A winning score: 20 years of helping hands
James M. Berklan
As we reach another important milestone in long-term care workforce development, an old parable comes to mind. It says that if you're wondering whether acquiring a great new tool or developing a staff member is more important, try putting that tool in the hands of an incompetent worker.
Yet how often is the entry-level worker in a nursing home or other long-term care facility taken for granted or looked down upon? Often, employers themselves promote such attitudes, intentionally or not.
When it comes to the nurse-aide profession, this is not only counter-productive, it's downright foolish and can be dangerous. That's what makes the latest achievement of the National Association of Health Care Assistants (NAHCA) worth highlighting so much.
The organization, which was founded in someone's basement with just 200 members, turned 20 years old on Friday. Now, it boasts more than 31,000 members across 29 states.
That's a lot of good investing in some of long-term care operators' most valuable assets.
Administrators and C-suite types who might think they can discount an organization of such “little people,” should think again. NAHCA's mission is all about education, training and increasing staff retention.
“When we talk about quality, it happens at the point of care,” reminds Jeff Wellman, NAHCA's chief operating officer and a member who's witnessed 17 of the 20 years of growth. “The people who have the greatest potential to make an impact on the quality of outcomes is our members. They're having a huge impact, and we're educating them on how to do that.”
Wellman also points to NAHCA's influence on cutting down turnover. Want a stable workforce? Find someone trained and then treat them right.
“When we had a lot of boomers in the workforce, it might have been OK to say nursing assistants are a dime-a-dozen,” Wellman told me Tuesday. “However, given how the demographics have changed — there are more older people than younger people — we have to think, as leaders in long-term care, how do we increase the retention of caregivers AND equip them to do an even greater job than now?”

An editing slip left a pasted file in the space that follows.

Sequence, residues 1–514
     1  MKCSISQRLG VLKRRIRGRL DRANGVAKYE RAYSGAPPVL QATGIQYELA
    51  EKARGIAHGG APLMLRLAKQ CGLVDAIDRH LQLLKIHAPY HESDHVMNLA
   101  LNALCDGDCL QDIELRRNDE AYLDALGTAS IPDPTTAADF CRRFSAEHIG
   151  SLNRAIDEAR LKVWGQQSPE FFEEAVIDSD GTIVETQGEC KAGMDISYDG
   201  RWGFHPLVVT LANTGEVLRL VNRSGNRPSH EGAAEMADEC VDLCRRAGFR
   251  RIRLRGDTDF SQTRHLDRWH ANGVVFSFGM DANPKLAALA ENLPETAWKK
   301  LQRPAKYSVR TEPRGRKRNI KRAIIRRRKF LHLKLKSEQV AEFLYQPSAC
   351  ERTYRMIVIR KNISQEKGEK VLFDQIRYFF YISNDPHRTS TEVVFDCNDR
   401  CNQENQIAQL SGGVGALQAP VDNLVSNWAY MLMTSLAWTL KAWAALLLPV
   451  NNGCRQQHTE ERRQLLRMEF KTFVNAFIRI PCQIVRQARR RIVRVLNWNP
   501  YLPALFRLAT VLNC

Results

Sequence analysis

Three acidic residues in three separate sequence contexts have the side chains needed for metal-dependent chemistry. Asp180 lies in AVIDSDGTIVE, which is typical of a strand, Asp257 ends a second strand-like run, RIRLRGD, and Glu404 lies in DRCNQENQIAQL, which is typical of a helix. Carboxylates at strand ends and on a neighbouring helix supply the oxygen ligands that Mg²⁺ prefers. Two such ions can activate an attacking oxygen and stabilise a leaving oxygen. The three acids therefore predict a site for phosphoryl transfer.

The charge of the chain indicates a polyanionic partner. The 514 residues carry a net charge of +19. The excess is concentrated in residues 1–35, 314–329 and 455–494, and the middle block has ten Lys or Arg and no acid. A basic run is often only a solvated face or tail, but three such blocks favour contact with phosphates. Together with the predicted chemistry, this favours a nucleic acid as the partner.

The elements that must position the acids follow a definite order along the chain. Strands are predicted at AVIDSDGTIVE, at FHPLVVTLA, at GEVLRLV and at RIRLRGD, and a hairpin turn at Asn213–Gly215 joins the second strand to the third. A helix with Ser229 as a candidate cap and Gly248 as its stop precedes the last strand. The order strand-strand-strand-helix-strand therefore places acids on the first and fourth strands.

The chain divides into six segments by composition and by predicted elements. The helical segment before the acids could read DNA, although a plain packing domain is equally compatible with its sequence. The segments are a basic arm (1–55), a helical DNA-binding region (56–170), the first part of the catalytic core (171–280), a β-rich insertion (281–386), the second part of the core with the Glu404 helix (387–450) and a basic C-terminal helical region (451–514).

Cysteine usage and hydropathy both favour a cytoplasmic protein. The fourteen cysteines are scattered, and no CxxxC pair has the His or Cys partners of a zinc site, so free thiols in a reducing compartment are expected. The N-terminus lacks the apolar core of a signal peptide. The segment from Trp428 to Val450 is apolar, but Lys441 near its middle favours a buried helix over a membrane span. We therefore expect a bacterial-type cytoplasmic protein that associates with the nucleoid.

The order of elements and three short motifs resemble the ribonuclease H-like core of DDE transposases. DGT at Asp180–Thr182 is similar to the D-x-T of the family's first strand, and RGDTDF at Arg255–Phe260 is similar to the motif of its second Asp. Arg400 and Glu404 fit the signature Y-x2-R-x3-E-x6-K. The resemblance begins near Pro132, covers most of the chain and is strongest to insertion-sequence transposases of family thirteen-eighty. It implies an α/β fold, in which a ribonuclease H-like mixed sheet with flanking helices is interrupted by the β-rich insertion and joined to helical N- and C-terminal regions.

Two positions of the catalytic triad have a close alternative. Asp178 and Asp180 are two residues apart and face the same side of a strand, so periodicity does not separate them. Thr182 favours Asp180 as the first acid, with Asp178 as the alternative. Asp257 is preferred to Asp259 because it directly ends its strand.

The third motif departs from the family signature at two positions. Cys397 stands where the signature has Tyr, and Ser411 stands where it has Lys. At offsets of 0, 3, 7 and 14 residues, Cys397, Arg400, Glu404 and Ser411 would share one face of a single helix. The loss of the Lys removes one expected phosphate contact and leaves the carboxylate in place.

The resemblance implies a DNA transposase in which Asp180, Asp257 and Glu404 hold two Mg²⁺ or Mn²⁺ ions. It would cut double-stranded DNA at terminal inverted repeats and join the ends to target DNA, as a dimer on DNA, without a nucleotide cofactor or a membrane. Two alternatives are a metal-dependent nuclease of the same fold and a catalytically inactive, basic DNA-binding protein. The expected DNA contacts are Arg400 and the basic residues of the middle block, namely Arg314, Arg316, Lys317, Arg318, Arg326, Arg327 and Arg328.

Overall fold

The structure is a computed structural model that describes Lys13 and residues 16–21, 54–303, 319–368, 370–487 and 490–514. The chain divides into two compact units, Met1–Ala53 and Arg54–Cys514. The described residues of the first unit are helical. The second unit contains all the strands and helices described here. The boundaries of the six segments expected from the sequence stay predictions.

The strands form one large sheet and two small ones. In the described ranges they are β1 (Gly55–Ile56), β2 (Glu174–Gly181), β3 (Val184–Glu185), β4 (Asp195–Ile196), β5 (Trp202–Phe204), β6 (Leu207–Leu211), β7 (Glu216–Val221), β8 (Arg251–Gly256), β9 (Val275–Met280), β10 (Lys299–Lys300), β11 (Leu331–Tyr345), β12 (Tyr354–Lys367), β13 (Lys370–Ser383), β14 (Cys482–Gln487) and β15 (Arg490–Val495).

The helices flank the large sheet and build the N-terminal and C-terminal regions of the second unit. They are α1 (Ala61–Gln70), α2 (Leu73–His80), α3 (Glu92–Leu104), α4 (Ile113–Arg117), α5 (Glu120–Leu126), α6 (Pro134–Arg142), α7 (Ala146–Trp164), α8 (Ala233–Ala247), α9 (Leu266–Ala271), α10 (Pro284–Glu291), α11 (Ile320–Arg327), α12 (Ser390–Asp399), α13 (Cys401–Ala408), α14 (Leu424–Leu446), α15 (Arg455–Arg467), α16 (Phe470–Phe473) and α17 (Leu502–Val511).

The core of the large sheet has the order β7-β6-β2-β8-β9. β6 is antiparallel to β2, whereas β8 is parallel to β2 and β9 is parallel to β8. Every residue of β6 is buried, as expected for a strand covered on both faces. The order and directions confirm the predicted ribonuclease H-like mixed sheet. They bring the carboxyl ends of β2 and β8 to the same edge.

NAHCA members are not just pushing their noses up against the window, looking from the outside in. The organization has a formal relationship with the American Health Care Association, the nation's largest association for nursing home operators, and plans are underway to expand interaction with LeadingAge, the senior care and housing group comprising solely of nonprofits.
That will include working with Robyn I. Stone, LeadingAge's senior vice president of research and the executive director of its Center for Applied Research. It also could mean participating in advocacy efforts, as NAHCA now does with some AHCA initiatives, Wellman said.
But NAHCA, like any confident 20-year-old, isn't content to rest on existing relationships. Over the next three years, a strategic goal is to “really bolster” connections with CMS, Wellman noted.
There's no reason it shouldn't be successful, given NAHCA's recent displays of team spirit. Association leaders are poised to make sure QAPI provisions of the Affordable Care Act are disseminated and made meaningful to aides around the country — as soon as the overdue documents are posted, that is.
Now that would be a tool made better — and by an improved set of workers.
It all fits in with NAHCA's mission of building stronger relationships with all stakeholders in the long-term care system. The organization is, after all, a group devoted to staff development at care centers and various companies around the country
“We've never encouraged our members to do anything but work diligently to commit exceptional care, in concert with their nursing and administrative colleagues,” Wellman says proudly.
Twenty productive years on the resume, many more to go.
James M. Berklan is McKnight's Editor. Follow him @JimBerklan.